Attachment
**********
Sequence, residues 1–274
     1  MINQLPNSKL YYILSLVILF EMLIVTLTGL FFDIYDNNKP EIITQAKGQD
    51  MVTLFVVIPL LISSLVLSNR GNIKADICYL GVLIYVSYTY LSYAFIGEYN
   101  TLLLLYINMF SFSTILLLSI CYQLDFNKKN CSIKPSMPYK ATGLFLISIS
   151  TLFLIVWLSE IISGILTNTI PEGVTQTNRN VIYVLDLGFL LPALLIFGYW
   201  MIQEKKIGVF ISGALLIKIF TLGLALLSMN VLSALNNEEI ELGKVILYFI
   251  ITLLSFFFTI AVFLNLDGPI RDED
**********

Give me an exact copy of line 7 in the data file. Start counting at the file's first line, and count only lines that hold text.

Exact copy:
   251  ITLLSFFFTI AVFLNLDGPI RDED